Illinois and VMware's Collaborative Research Develops Practical Reliability Testing Techniques for Cluster-Management Controllers

8/22/2022 Aaron Seidlitz, Illinois CS

The project was conducted by three graduate students, three Illinois CS faculty members, and two collaborators from VMware. It represents the power of working together on systems research to make practical impacts.

Written by Aaron Seidlitz, Illinois CS

What Illinois Computer Science professor Tianyin Xu appreciates most about conducting computer systems research is that the results can make a direct impact.

Illinois CS professor Tianyin Xu (bottom) worked with three CS students on the Sieve project, including Xudong Sun (top left), Tyler Gu (top middle), and Wenqing Luo (top right). 
Illinois CS professor Tianyin Xu (bottom) worked with three CS students on the Sieve project, including Xudong Sun (top left), Tyler Gu (top middle), and Wenqing Luo (top right).

That motivator, more than anything else, is how he tries to connect with his students, Illinois CS colleagues, and industry collaborators. There is an energy to the thought that by working together, the team can build practical systems that can make a difference beyond research prototypes.

Over the time he has worked at Illinois CS, Xu said that not many projects represent a better example of this than his recent effort with three students, two faculty colleagues, and VMware Research.

The resulting research paper entitled “Automatic Reliability Testing for Cluster Management Controllers,” was recently presented by CS PhD student Xudong Sun at the 16th USENIX Symposium on Operating Systems Design and Implementation (OSDI), a premier computer systems research conference.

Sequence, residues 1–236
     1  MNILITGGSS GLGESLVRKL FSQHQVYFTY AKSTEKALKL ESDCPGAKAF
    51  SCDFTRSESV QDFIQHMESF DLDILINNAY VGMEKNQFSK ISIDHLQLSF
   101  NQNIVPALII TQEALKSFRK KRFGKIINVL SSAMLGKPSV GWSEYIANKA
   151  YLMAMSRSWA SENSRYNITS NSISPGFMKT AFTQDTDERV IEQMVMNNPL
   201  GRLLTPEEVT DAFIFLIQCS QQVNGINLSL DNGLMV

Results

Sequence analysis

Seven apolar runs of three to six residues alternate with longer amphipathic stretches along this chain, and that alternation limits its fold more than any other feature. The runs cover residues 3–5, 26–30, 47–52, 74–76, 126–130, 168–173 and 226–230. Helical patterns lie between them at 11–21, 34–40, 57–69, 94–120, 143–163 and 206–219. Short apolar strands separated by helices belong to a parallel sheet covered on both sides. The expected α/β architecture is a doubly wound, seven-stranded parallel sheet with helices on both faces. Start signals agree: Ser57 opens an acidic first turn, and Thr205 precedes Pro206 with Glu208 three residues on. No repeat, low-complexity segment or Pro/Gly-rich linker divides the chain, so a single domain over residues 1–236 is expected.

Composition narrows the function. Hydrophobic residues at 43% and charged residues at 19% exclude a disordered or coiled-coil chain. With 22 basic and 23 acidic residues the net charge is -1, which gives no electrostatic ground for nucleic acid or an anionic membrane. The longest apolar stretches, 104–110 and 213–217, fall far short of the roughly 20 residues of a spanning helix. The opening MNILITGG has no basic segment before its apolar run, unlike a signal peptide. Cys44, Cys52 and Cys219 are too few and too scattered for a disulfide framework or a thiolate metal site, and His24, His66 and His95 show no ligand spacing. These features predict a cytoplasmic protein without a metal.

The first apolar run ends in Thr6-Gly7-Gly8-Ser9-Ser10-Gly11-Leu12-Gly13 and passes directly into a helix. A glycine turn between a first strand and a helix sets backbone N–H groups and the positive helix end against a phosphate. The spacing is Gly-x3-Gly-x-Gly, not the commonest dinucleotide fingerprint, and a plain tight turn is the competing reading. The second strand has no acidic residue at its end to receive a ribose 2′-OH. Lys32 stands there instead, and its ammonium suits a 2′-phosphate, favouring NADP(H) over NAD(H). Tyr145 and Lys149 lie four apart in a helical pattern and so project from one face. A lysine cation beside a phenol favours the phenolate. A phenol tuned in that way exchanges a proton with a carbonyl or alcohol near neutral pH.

Beyond the research, this project has attracted a lot of attention by industry practitioners and endorsement inside VMware. VMware CTO, Kit Colbert, said in a recent tweet that the Sieve project is one example of why he loves the company, where great academic and industry collaboration leads to even greater developments.

The work also earned Xu’s research group a $250,000 research gift from VMware to continue the research. His recent $229,000 research grant from the Illinois-IBM Discovery Accelerator Institute is also related.

Aishwarya Ganesan
Aishwarya Ganesan

This recognition for the entire research team, including Xu, Sun, MS student Wenqing Luo, PhD student Tyler Gu, incoming Illinois CS faculty Aishwarya Ganesan and Ramnatthan Alagappan (both were at VMware), and Lalith Suresh and Michael Gasch from VMware Research – is something that Xu credits to the work ethic of all involved.

“We have a dream team. What I enjoy most is that everyone in the team really wants to do something useful and impactful beyond a publication only,” Xu said. “Since we are all convinced that controller reliability is an important and emergent problem, the team started building a usable system in a very early stage of the project. For example, the team set up continuous testing and integration and did code review.”